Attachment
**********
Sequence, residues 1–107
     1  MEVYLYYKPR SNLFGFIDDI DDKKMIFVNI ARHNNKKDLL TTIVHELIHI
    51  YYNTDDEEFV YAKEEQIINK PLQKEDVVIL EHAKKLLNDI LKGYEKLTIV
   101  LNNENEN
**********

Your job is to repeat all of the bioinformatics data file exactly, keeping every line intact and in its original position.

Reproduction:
Sequence, residues 1–107
     1  MEVYLYYKPR SNLFGFIDDI DDKKMIFVNI ARHNNKKDLL TTIVHELIHI
    51  YYNTDDEEFV YAKEEQIINK PLQKEDVVIL EHAKKLLNDI LKGYEKLTIV
   101  LNNENEN